I'm not sure politics used to be this way. Somebody is lying to both camps. People who think Obama's fiscal policies will produce a safe, prosperous America are deluding themselves.  People who think millions of murdered babies won't damage our people's souls, are deluding themselves. But ... people who believe that Obama is a secret Muslim born in Africa with a nepharious desire to transform America into an Islamic nation under Shariah law, to imprison all Christians, close all churches, and suck the life out of the country?  They're deluded too, deluded by their own media that has fanned the flames of hate to a blaze. The liberal media has its lies, as does the conservative. Each wants to push the poles apart. They've succeeded in this election, regardless of which side won.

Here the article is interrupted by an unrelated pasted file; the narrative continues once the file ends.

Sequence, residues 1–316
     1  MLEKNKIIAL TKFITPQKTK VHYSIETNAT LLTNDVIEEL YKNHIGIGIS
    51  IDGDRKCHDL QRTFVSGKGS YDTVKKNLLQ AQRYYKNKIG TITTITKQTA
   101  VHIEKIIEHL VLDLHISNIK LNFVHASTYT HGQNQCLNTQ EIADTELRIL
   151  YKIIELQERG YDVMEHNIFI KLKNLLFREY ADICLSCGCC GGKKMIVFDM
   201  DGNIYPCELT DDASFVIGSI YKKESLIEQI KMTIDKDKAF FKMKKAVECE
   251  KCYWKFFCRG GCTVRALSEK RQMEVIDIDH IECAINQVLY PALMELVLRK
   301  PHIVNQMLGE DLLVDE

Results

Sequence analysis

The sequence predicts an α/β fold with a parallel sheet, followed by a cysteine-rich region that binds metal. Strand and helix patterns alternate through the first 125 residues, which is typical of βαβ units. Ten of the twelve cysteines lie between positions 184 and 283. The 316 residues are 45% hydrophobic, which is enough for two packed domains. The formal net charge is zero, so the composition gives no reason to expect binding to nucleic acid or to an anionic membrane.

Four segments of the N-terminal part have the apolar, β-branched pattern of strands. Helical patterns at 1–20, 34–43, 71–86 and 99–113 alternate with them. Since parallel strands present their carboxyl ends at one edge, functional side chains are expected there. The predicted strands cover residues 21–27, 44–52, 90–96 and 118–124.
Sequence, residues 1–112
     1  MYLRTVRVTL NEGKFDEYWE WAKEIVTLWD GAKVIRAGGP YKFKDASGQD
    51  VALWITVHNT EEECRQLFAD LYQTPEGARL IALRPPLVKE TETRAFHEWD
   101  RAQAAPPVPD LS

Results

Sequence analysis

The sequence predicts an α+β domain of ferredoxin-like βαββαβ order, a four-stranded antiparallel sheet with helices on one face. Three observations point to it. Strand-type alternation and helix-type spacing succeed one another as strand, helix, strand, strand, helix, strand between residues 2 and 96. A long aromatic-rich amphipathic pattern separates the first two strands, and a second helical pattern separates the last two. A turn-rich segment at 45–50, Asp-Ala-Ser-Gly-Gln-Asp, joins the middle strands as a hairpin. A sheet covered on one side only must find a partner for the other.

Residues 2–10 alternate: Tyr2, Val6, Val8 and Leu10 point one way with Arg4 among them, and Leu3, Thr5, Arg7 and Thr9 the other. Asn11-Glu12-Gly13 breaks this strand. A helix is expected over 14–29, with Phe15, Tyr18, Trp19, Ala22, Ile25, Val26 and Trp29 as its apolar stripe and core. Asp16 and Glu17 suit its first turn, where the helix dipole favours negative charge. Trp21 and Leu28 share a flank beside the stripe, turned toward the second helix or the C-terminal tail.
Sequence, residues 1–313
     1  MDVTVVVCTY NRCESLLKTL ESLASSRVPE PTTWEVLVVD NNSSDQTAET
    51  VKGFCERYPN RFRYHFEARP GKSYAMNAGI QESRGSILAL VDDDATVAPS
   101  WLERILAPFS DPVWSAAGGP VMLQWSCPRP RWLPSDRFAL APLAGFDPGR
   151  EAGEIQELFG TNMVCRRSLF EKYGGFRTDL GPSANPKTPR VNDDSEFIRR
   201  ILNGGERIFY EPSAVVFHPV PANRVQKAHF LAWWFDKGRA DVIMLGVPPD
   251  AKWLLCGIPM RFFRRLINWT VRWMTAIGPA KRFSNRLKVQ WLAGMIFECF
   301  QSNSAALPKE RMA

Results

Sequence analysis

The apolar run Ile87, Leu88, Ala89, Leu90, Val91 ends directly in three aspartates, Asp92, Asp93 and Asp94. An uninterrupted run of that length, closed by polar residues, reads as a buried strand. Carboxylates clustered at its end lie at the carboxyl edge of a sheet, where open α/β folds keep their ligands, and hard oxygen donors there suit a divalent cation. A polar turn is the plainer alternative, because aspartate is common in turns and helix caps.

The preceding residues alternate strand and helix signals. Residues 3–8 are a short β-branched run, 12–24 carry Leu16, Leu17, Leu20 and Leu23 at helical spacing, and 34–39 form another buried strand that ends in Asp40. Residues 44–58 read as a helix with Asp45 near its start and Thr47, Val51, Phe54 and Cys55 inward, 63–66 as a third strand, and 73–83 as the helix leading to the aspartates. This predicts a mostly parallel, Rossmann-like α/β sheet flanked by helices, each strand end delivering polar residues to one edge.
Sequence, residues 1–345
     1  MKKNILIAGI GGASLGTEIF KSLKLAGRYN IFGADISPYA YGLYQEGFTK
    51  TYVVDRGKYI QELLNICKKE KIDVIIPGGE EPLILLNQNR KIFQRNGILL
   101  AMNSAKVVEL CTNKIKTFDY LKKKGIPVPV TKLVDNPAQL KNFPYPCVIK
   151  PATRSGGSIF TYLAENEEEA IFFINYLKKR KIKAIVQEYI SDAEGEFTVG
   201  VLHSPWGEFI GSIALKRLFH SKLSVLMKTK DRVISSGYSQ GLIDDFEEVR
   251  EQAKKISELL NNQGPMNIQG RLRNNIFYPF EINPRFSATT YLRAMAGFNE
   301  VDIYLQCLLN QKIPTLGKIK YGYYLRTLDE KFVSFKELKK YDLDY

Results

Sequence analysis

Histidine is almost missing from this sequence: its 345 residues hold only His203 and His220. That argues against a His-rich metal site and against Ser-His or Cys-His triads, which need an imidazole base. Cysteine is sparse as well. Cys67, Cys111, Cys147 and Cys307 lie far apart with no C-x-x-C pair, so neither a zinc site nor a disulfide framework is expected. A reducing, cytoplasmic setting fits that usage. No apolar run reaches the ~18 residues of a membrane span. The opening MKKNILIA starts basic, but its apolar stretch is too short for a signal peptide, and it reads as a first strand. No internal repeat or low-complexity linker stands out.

Whichever side you're on, I'd encourage you to read and listen to the more reasonable voices from the other camp. Assume for a few moments that they are sincere, that they love their country too, and that they might just have a few good points to make. If everyone did this, our nation would be transformed, and much of the hateful rhetoric would subside.


  1. MK, for me, it's not about race, it's about experience and Obama doesn't have any. Heck, I've got decades more experience than does he; perhaps I should be President!

  2. Now see -- to me, that is a reasonable argument. It's just plain fact that he did not have enough experience before he took office, and it has really shown, in how he's governed. That was, initially, my biggest argument against his first election. Now, it's simply his track record while in office. Good point, Sandra.

  3. This is such an insightful and reasonable post. I appreciate you perspective. I too feel caught between these two sides, unable to relate to either. You totally nailed it.